Subscribe To The Best LA Detective Movie: Sunset Boulevard Updates
I've already subscribed
With Gangster Squad coming to theaters this Friday, we've decided to take a look at some of our favorite Los Angeles detective stories, and what they tell us about the city they depict. Earlier, Katey sang the praises of Robert Altman's 1973 noir The Long Goodbye, while Mack went to bat for L.A. Confidential. Then, Sean took us to Chinatown. Today, Kristy returns to Sunset Boulevard for her choice of the quintessential California crime story.
Asked what I think is the best of LA noir, and I need to look no further than Sunset Boulevard. In it, writer-director Billy Wilder tapped into movie audience's fervent curiosity about what goes on behind the gilded gates of the Hollywood elite, while simultaneously honing in on our deepest fears, including loneliness, death and being forgotten. The film centers on the doomed romance between a struggling artist at the end if his rope and a silent film has-been, presenting Hollywood as palace of glamor and glory built on the backs of souls twisted by shattered dreams of fortune and fame.
Per noir convention, the film begins in media res, with our smug narrator matter-of-factly revealing his corpse, bullet-ridden and bobbing in the kind of luxurious pool he'd always dreamed he'd some day call his own. From here, the audience is made detectives in the case of who killed Joe Gillis, charming hustler and aspiring screenwriter. Though much of the film is confined to the old but grandiose Hollywood mansion where Joe met his demise, Wilder manages to offer a sharp and captivating critique of Los Angeles.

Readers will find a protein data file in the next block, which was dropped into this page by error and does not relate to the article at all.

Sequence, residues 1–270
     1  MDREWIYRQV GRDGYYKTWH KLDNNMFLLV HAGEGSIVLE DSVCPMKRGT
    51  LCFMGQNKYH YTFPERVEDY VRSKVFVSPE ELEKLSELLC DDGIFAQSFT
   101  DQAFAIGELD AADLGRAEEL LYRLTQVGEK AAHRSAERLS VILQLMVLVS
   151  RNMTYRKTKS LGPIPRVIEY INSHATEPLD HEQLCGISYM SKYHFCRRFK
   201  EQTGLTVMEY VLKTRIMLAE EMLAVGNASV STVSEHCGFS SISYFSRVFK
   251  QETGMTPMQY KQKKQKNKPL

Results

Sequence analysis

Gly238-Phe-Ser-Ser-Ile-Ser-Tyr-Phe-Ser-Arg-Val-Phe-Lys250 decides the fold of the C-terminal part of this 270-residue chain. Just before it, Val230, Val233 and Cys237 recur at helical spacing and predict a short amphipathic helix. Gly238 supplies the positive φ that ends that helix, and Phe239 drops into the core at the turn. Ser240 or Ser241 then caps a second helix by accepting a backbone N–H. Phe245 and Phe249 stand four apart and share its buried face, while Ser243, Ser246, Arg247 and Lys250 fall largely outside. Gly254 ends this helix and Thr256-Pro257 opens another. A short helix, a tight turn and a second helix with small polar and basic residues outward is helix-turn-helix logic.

Through Joe's gallivanting about town, we see LA as a place where the promise of art lures dreamers in, but the harsh reality of show business makes con men and conned men of most. Trying to hide the car he can't afford from repo men, Joe (William Holden) limps into the life of Norma Desmond (Gloria Swanson), a forgotten and aging star who is desperate for a return. (Don't you dare call it a "comeback.") While Norma sees a possible husband number four, Joe sees a meal ticket, but is a reluctant and begrudging boy toy. This is not the brand of Hollywood luxury of which he dreamed, surrounded by Norma's narcissistic portraits and her "wax works" friends. So he takes one last crack at writing and romance with a spirited office girl, a move that incites Norma's jealousy, and seals Joe's fate.
Smug and conniving as he is, I find it hard to sympathize with Joe. Instead, each time I watch Sunset Boulevard, I feel for Norma, alone in her dark mansion and delusion, hurt by Hollywood's fickle spotlight that left her in the dark long ago. In the end, surrounded by the press, she revels in her return to the spotlight, blind to its cause and cruel intentions. As she makes her grand entrance—or exit depending on your viewpoint—she comes right toward the camera, right toward us, who Joe calls "the heartless so-and-sos." Once we enjoyed her movies, and we now revel in schadenfreude over her heartbreak and scandal. In this final shot, Wilder implicates us in the downfall of Norma Desmond and the murder of Joe Gillis because we are the audience and the attention she craves so desperately that she'd do anything to lure us back.
Wilder applied his sharp comedic talents to a satire about showbiz and life in Los Angeles, focusing on those who haven't yet made their mark, and those whose mark is fading like their looks. LA is portrayed as a city of dreams, most of which fester transforming their dreamers into cynics and maniacs who feed the beast of entertainment all the same. His critique is given additional credence by cameos from the likes of gossip columnist Hedda Hopper, director Cecil B. DeMille, and silent film star Buster Keaton. It's easy to enjoy Sunset Boulevard for its dark sense of humor and Gloria Swanson's fabulously theatrical performance that has inspired hordes of actresses and drag queens for decades. But in the end, it's impossible to shake the film's dark view of Los Angeles, especially as Norma, ready for her close-up, gives her final deranged speech, then charges the camera as her images blurs then fades to black.
Sunset Boulevard is available to purchase on Amazon.